Founders Building Named a Milestones Site
As the first permanent structure at The University of Texas at Dallas, the Founders Building sits at the physical and historical heart of the campus.
In its 52 years, Founders has welcomed some of the world’s most distinguished scientists, whose research — and that of their students and protégés — has advanced medical science and provided fundamental insights into the natural world, including bacteria, viruses and other microorganisms.
The Founders Building is being named a Milestones in Microbiology site by the American Society for Microbiology in recognition of the significant research conducted there.
In recognition of the discoveries and outstanding achievements of UT Dallas microbiologists who called the facility home over five decades, the American Society for Microbiology (ASM) designated the Founders Building as a Milestones in Microbiology site at a Nov. 10 ceremony in the building.
The Milestones in Microbiology program recognizes institutions and the scientists who worked there that have made significant contributions toward advancing the science of microbiology.
At the event, Dr. Susan Sharp, president of ASM, presented the University with a commemorative plaque that will be permanently displayed in Founders. UT Dallas joins 14 other sites across the country that have received the ASM honor since 2002.
“Biology, and microbiology in particular, has a rich history at UT Dallas and its predecessor institution,” said Dr. Stephen Spiro, professor and head of the UT Dallas Department of Biological Sciences, who nominated Founders for the honor. “Microbiology research and teaching have played and continue to play a vital role in the mission of our department, and the biological sciences faculty have made major contributions to the understanding of molecular genetics of microorganisms.”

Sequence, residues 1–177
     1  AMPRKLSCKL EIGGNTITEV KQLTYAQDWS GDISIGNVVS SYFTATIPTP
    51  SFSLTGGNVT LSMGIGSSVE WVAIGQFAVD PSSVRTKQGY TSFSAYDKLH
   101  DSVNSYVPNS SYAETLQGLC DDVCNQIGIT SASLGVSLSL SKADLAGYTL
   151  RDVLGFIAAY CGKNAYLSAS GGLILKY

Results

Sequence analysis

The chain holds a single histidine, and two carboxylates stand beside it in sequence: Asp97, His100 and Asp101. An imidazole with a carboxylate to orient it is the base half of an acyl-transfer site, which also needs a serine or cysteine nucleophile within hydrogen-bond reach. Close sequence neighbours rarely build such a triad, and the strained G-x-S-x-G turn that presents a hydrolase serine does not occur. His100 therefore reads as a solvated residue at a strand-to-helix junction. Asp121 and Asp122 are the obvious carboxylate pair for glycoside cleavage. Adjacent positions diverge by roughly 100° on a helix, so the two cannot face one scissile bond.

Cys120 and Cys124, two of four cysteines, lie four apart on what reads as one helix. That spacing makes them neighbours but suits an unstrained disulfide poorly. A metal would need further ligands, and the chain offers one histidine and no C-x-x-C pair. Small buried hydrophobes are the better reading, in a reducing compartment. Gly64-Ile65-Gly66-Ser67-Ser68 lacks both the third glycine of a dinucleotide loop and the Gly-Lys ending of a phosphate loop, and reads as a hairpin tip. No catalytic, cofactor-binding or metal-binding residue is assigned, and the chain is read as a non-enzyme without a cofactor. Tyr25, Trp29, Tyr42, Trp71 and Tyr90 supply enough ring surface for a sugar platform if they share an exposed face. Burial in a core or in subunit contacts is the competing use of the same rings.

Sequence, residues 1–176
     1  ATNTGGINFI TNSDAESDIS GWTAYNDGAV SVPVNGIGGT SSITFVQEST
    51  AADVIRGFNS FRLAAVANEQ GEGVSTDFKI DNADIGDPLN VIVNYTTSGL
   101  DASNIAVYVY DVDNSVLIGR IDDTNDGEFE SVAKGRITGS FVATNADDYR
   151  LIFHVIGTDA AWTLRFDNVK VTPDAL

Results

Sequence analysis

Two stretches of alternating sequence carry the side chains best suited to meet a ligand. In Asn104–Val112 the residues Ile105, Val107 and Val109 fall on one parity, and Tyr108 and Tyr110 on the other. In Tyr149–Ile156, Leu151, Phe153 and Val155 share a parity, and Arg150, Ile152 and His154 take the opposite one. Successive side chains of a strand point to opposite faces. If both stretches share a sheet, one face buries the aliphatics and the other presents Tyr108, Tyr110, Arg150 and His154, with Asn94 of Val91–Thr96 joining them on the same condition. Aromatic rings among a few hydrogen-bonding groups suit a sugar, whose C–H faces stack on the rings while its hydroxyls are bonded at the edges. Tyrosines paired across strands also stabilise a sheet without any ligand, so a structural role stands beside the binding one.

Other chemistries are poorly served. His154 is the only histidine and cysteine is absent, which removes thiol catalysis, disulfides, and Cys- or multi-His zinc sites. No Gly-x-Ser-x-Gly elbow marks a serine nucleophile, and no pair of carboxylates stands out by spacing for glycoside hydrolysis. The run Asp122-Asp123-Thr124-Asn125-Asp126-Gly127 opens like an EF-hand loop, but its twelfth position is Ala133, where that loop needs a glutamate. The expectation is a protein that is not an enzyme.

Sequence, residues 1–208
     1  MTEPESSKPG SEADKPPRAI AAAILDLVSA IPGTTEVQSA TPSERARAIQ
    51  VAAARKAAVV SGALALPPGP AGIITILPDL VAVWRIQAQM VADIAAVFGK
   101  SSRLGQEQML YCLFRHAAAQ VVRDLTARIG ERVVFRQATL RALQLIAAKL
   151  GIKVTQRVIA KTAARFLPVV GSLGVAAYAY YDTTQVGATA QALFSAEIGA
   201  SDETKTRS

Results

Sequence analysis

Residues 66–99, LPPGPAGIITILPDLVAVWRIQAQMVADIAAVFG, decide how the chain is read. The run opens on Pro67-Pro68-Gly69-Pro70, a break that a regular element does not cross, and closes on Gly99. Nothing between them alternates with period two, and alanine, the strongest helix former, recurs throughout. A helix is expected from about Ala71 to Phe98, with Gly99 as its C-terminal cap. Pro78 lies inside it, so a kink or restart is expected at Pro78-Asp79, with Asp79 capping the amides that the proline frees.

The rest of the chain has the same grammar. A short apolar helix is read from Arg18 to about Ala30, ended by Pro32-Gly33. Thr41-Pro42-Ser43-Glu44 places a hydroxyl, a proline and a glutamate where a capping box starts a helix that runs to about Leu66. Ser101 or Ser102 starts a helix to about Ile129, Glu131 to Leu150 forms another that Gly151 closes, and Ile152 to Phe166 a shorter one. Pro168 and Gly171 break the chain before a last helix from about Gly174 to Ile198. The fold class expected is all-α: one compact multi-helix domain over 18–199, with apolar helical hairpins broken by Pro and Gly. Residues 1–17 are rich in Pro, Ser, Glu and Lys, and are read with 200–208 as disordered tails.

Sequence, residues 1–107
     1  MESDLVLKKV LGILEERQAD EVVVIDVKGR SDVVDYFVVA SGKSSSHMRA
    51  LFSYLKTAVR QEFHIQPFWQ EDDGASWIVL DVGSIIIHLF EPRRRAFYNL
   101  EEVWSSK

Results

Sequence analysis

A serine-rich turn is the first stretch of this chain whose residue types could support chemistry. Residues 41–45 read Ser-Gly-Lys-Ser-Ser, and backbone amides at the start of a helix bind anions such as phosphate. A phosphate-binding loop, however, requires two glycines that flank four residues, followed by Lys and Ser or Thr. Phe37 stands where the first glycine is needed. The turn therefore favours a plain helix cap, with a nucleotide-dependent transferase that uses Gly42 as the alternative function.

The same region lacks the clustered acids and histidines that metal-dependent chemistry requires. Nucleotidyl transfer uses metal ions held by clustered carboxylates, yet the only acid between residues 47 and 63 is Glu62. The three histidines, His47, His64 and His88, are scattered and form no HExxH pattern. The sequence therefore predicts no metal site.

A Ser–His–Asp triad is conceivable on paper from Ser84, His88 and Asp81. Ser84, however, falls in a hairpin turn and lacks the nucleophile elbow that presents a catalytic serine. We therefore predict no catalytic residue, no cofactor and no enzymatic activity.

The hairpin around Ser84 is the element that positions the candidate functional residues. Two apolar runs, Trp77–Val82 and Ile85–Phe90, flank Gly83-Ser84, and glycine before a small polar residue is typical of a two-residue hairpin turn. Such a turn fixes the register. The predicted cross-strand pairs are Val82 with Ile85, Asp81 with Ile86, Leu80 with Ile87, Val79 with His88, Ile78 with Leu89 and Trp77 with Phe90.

Texas Gov. Preston Smith (left) toured the molecular biology facilities in Founders Building with Dr. Royston Clowes in 1969.
When it was dedicated in October 1964, the Founders Building was the central facility of the Graduate Research Center of the Southwest (GRCSW), a private research institution that in 1969 became UT Dallas. In those early days, the building hosted faculty and visiting scholars from around the globe who conducted research and graduate education in mathematics, physics, geosciences, and atmospheric and space science. Biology, focusing on genetics and microbiology, was the largest division and the only molecular biology department in the Southwest at the time. Together those programs formed the core that would become UT Dallas’ School of Natural Sciences and Mathematics.
The biology division included leaders in the field of microbiology, the study of organisms such as bacteria, viruses, fungi, protists and phages, which are viruses that infect bacteria.
Among those early pioneers and founding faculty members were:
- Dr. Hans Bremer, who was associated with UT Dallas and its precursor institution for close to 50 years. His research uncovered fundamental physiological insights into bacterial growth and the synthesis of macromolecules.
- Dr. Royston Clowes, a bacterial geneticist who headed the biology division for several years. His work in plasmid biology had implications for medicine and was at the center of recombinant DNA technology, which has had wide-ranging applications in biotechnology, laboratory research and drug development. His research also contributed to a better understanding of drug-resistance factors in disease-causing bacteria.